OREGON, USA — The state of Oregon and various public employers are considering COVID-19 vaccine mandates as positive cases and hospitalizations again trend upward.
However, some laws and exemptions stand in the way of making such mandates as wide-reaching as health officials want.
Oregon is the only state in the country with a law that prevents hospitals from requiring the vaccine.
Stacy Chamberlain is executive director of Oregon AFSCME, the union that represents workers at Oregon Health & Science University (OHSU). It also represents about 29,000 workers across public and nonprofit sectors.
"We encourage folks to get vaccinated because we want to get back to normal," Chamberlain said.
OHSU is one of the entities working to create some sort of vaccine mandate, despite the exemption law.
Gov. Kate Brown told KGW she's considering a special session in Salem to reverse that law to allow hospitals the choice to impose a mandate. She's also thinking about a mandate for state employees, similar to a mandate rolled out in California.
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Chamberlain's focus, however, is on incentives for vaccine-hesitant workers, such as cash, paid time off and childcare support.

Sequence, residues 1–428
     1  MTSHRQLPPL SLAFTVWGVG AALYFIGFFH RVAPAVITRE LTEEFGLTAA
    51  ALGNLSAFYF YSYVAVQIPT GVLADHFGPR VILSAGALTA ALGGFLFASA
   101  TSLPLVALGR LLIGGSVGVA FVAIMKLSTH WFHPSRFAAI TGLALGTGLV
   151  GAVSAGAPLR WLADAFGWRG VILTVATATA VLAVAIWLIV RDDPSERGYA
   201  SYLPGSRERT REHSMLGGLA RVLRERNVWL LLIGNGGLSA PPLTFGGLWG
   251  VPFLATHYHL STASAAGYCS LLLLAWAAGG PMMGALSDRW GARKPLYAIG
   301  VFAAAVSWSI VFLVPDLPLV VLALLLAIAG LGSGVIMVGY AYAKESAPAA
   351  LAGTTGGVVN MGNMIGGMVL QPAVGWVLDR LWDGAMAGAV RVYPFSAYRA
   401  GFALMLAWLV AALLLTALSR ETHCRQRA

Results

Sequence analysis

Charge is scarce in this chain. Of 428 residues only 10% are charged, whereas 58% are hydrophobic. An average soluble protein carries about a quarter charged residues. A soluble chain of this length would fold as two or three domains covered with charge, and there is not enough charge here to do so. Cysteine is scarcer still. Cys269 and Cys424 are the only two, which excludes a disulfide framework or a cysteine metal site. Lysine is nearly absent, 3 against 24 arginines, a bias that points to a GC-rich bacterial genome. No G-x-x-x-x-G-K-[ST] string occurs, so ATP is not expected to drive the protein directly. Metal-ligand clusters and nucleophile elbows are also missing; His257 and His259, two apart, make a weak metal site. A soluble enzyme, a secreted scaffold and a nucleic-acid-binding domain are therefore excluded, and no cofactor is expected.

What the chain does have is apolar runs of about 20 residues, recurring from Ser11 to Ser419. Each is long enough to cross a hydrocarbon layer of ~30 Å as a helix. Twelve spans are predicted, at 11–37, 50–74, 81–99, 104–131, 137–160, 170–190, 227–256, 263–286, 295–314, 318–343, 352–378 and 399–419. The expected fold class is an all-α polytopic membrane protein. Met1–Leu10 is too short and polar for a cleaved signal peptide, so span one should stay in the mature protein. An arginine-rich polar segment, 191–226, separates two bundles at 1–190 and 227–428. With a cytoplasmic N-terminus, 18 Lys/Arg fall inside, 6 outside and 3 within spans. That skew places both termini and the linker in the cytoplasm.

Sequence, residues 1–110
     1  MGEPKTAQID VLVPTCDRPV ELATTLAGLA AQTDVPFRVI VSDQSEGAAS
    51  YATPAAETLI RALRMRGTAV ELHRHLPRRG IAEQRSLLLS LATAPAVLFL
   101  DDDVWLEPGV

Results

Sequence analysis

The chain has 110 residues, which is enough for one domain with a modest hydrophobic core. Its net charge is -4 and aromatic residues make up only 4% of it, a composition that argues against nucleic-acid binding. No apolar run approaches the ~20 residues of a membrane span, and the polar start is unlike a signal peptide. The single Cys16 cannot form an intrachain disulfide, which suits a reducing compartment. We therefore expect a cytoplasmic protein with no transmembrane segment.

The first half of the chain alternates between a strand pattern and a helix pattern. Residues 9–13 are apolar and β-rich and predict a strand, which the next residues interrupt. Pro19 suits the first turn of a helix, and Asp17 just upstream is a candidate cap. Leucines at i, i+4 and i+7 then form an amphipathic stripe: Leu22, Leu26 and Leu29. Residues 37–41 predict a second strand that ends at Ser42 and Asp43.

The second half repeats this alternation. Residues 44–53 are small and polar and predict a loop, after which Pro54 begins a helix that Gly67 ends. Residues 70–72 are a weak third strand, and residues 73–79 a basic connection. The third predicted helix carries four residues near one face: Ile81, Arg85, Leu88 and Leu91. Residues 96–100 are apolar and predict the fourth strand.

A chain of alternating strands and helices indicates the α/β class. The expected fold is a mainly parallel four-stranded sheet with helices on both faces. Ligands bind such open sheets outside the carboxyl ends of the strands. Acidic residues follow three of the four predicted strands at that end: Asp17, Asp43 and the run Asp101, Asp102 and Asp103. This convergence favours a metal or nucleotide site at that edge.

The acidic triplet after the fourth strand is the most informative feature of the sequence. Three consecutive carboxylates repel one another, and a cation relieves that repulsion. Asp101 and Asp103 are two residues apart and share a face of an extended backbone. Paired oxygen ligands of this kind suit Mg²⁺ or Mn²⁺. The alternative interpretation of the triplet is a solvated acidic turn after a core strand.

She said over the course of the pandemic, government employees, medical workers and corrections staff have put in hundreds of hours of overtime, so extra time off and rest are good incentives.
In addition to a possible state employee vaccine mandate, the City of Portland is also considering one. Mayor Ted Wheeler is drafting a proposal for staff to show proof of vaccination or a weekly COVID test.
At the federal level, the Department of Veterans Affairs became the first national agency to impose such a mandate for staff. However, as of Friday, the White House did not have solid plans for other agencies.
"So a national vaccine requirement is not under consideration at this time," deputy White House press secretary Karine Jean-Pierre told reporters.
Nationally, the more contagious delta variant of COVID-19 is spurring vaccinations, with about 3 million Americans receiving their first shot in the last seven days.
However, in Oregon, hospitalizations for COVID are rising back into the hundreds.
Dr. David Zonies is OHSU's associate chief medical officer overseeing critical care. He said many new patients sick with COVID are trending younger and without underlying conditions.
"We know the science, we have a vaccine," Zonies said. "This is a completely preventable problem."
Oregon AFSCME said 85% of its members at OHSU are vaccinated, but hesitancy among the rest of staff and the public is creating a new problem as COVID cases tick back up.
"People are leaving the profession, they're exhausted," Zonies said "We already have a limited number of beds and now we can't staff the beds that we have."
The union and state said vaccine mandate decisions could roll out in the next few weeks.